The largest waterfall accessed from the Icefields Parkway is Bow Glacier Falls, falling 120 metres or 410 feet. The falls start their life as meltwater from the Wapta Icefield, so they are in fact the headwaters of the Bow River that we enjoy in Calgary.

It’s a pleasant half day hike to get to Bow Glacier Falls starting from the parking lot at Num-Ti-Jah Lodge in Banff National Park. Take the lakeshore trail beside beautiful Bow Lake. At about the 3.4-kilometre mark you’ll reach a narrow canyon. Make the short but steep climb along its rim but be careful if it is wet. The trail continues to the crest of a terminal moraine and on to the base of the falls. These Alberta waterfalls are at their best in summer. 

The return hike to Bow Glacier Falls is 9.4 kilometres with a 95-metre elevation gain.

Bow Glacier Falls
Bow Glacier Falls

Cameron Falls, Waterton Lakes National Park

One of the easiest Alberta waterfalls to see is 23-metre high Cameron Falls in Waterton Lakes National Park. There’s a parking lot directly across from them, and they are easy to access on foot from the Waterton townsite. The main falls are wheelchair and stroller accessible. There is a steep trail beside the falls where you can get a view from above. On a warm, windy day enjoy the cooling spray.

Water in Cameron Falls is usually very clear as seen in the photo below. But once after a very heavy rain, it turned pink probability because argillite, a sedimentary rock containing oxidized iron, got stirred up in enough quantity to cause the short-term change in colour.

Cameron Falls is very accessible so it's a popular place
Cameron Falls is very accessible so it’s a popular place
Cameron Falls in all its frozen glory
Cameron Falls in all its frozen glory

Crescent Falls in David Thompson Country

The water from Crescent Falls, a 27-metre high two-tiered waterfall flows into the deepest gorge in Alberta on the Bighorn River. You’ll find the parking area for the falls about 25 km southwest of Nordegg via Highway 11 and about 5 km on a washboard road. In winter expect mud and ice on the road. There is excellent signage pointing to the turnoff along the David Thompson Highway.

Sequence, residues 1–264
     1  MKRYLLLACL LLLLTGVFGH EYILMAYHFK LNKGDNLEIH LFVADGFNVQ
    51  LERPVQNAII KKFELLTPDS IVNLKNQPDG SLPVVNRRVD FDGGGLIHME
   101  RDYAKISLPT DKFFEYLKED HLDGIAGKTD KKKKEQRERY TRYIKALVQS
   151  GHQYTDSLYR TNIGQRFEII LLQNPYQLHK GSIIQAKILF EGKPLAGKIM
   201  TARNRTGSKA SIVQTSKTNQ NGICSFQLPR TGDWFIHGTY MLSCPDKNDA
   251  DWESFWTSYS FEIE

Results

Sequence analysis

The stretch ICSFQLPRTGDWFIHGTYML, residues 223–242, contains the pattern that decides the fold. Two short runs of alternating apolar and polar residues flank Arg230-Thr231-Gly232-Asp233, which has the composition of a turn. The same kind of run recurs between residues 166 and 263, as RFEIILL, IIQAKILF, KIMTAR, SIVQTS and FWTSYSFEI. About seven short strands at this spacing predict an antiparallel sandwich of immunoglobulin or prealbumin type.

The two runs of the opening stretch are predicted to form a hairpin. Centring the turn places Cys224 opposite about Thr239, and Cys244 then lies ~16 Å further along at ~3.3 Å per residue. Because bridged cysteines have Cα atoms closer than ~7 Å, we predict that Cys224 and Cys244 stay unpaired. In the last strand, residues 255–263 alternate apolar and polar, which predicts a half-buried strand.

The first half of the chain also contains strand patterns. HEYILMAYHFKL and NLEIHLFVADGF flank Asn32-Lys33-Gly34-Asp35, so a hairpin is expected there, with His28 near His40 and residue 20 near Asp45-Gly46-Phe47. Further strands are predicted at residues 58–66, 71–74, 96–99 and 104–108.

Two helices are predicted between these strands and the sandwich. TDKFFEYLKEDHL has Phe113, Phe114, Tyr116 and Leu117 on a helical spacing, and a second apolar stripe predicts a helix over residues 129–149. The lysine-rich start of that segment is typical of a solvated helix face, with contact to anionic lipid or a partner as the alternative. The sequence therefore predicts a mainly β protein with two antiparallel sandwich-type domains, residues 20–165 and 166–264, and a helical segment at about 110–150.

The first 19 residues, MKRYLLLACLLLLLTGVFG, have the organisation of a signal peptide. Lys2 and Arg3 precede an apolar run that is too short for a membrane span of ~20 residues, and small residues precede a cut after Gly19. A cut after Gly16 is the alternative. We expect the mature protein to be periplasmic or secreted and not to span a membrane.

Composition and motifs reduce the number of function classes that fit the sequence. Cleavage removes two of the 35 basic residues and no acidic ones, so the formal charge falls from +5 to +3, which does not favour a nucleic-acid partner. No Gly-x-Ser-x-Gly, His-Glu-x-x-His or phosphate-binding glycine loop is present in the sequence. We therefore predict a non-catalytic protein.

From the parking area, descend on a trail to a couple of viewpoints over Crescent Falls. The best view of the falls is from below – accessed via a trail that gets way too close to the falls – so take a zoom lens with you and stay safe. People have lost their lives around the falls, as recently as the summer of 2020 when a trio of family members drowned. In summer there’s quite a nice campground nearby.

Crescent Falls in March
Crescent Falls in March
The big picture around Crescent Falls
The big picture around Crescent Falls

Edworthy Falls – one of the lesser-known Alberta waterfalls

Edworthy Falls is not a mainstream destination – but they are well worth the hike, even though the hike can only be done between June 15th and November 30th when Highway 40 near Highwood Pass in Kananaskis Country is open. Park at the Elbow Lake Day-Use Area.

It’s a 9.7 km return hike (with just 175 metres of elevation gain) and an easy one at that. From the parking lot, it takes 30 to 40 minutes to reach Elbow Lake. From there, take the trail on the left or west side of Elbow Lake. Cross over an outlet stream, approximately 600 metres past the Elbow Lake Campground. Head left up an old road (Big Elbow Trail) for a further 2.4 km. The landscape in this section is incredibly beautiful. There is no signage marking Edworthy Falls but there is flagging in the bushes and a small cairn on your left, just after you have crossed a meadow. It is a popular outing so you’ll likely meet people who can direct you.

The waterfalls plunge 20 metres into a turquoise-coloured pool and the setting with a mountain backdrop is spectacular. I would warn you that it’s a steep descent to the pool so exercise a high degree of caution – and come November icers are a necessity.

It's worth the hike to visit Edworthy Falls
It’s worth the hike to visit Edworthy Falls
Edworthy Falls in late November
Edworthy Falls in late November

Grotto Canyon Falls near Canmore

I have only visited the Grotto Canyon Falls in winter via the fabulous and fun Grotto Canyon Ice Walk. The falls aren’t very tall as you can see and at certain times of the year, they are more trickle than waterfall. I’d recommend visiting in winter so you can enjoy the ice walk as well.